The Litchfield National Park is the perfect place to visit with the hot weather we're having at the moment. With swimming possible at Florence Falls (see above), Buley Rockhole and Wangi Falls, we spend the afternoon having a swim at each one, before driving on to the next still in our swimmers. Florence Falls is the most scenic out of the three locations, with the waterfalls still gushing towards the end of dry, due to being spring-fed. Buley Rockhole is a series of deep rockpools that the river cascades through, upstream from Florence Falls, whilst Wangi Falls is a very large plunge pool at the bottom of two falls. We also go on the Shady Creek Walk at Florence Falls, which passes through some delightful monsoon forest. We're particularly happy that this is all accessible by sealed roads, without long walks, as we're still not wanting to drive much on unsealed or 4WD roads after the roughness of the Gibb.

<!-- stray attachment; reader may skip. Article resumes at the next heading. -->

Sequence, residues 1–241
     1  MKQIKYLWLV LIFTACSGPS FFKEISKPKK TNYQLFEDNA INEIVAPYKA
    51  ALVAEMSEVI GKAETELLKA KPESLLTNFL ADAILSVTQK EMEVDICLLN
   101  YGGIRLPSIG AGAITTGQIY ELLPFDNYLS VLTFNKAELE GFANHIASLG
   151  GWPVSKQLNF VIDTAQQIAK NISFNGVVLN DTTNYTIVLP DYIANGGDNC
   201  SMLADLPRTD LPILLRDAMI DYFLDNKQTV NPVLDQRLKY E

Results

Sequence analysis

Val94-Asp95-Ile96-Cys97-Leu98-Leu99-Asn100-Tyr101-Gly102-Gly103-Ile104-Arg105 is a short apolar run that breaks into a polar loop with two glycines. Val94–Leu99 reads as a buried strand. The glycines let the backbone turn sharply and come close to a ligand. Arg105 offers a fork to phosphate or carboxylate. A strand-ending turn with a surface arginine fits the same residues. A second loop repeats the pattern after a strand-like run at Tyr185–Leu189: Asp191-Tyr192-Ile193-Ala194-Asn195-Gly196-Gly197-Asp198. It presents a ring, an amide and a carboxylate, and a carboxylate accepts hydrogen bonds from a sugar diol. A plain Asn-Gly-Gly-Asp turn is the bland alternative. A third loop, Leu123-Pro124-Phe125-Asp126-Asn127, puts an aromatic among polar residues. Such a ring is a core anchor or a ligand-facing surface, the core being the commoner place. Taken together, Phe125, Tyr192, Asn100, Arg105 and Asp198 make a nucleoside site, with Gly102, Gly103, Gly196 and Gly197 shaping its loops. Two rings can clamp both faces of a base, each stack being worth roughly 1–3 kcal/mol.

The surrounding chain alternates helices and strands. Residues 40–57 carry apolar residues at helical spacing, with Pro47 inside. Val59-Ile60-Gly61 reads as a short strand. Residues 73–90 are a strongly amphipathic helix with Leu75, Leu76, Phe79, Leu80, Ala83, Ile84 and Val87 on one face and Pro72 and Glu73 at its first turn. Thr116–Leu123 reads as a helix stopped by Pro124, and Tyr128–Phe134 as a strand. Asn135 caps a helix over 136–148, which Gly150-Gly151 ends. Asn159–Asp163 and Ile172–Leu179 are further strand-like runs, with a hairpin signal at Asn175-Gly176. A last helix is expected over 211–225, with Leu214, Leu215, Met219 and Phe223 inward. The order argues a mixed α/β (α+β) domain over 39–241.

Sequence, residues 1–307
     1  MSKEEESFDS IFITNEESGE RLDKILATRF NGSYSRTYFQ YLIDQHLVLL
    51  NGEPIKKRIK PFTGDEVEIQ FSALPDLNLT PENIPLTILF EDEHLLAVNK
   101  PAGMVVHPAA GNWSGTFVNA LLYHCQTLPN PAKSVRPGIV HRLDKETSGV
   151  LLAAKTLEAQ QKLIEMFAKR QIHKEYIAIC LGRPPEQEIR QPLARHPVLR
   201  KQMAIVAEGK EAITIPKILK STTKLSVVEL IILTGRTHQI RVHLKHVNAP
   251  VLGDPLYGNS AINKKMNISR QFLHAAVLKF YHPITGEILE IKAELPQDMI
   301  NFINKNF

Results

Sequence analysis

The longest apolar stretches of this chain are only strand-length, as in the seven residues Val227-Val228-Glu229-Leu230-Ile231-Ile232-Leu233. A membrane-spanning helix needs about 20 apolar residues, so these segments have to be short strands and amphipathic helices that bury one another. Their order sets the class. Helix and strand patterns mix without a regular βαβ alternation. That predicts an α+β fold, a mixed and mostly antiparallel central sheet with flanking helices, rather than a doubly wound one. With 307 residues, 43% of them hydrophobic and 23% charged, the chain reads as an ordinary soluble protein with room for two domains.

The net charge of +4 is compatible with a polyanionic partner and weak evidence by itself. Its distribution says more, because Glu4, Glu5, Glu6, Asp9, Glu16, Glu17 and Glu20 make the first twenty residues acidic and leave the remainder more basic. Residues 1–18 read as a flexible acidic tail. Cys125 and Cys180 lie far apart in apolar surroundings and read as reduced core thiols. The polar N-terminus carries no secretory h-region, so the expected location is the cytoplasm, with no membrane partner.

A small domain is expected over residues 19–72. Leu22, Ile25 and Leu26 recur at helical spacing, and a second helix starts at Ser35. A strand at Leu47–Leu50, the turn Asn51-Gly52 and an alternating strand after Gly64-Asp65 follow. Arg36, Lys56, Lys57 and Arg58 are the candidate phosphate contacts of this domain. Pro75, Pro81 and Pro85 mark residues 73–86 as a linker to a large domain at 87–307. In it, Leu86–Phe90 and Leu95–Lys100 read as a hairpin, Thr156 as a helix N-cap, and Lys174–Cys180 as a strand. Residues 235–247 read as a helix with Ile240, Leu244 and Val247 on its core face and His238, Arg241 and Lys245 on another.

Saturday, August 29, 2009
At Katherine Gorge (Nitmiluk), we take advantage of the boat cruises on offer and go for a three gorge cruise, rather than going on a walk like we've had no alternative to back in the gorges of the Kimberley. We still do one short walk, up to a lookout early in the morning, but before the day hots up (to about 36C). The second gorge is the most impressive of the three that we visit (the first, second and third gorges - all that are accessible by boat). The high cliffs tower up above us and our guide points out many interesting features, including how torrential the river gets during the wet season (the photos we later see of the gorge during the record 1998 floods are impressive). We stop for a welcome swim on the way back, in a pool between the first and second gorges, and also unexpectedly get to see some Aboriginal rock art, our first on the trip.
Posted by Shandos Cleaver at 7:25 PM
Ever since Adelaide, we've been encountering road trains on the highways of South Australia, Western Australia and the Northern Territory (even the Gibb River Road - which was a dusty experience!) Early on, whilst crossing the Nullarbor, we eagerly reported any three trailer ones, but I'm sure since then we've seen some four trailer ones. Pulled up at road works on the Victoria Highway across the border into the Northern Territory, we have a road train pull up behind us - normally far closer than I'd like them to be behind us.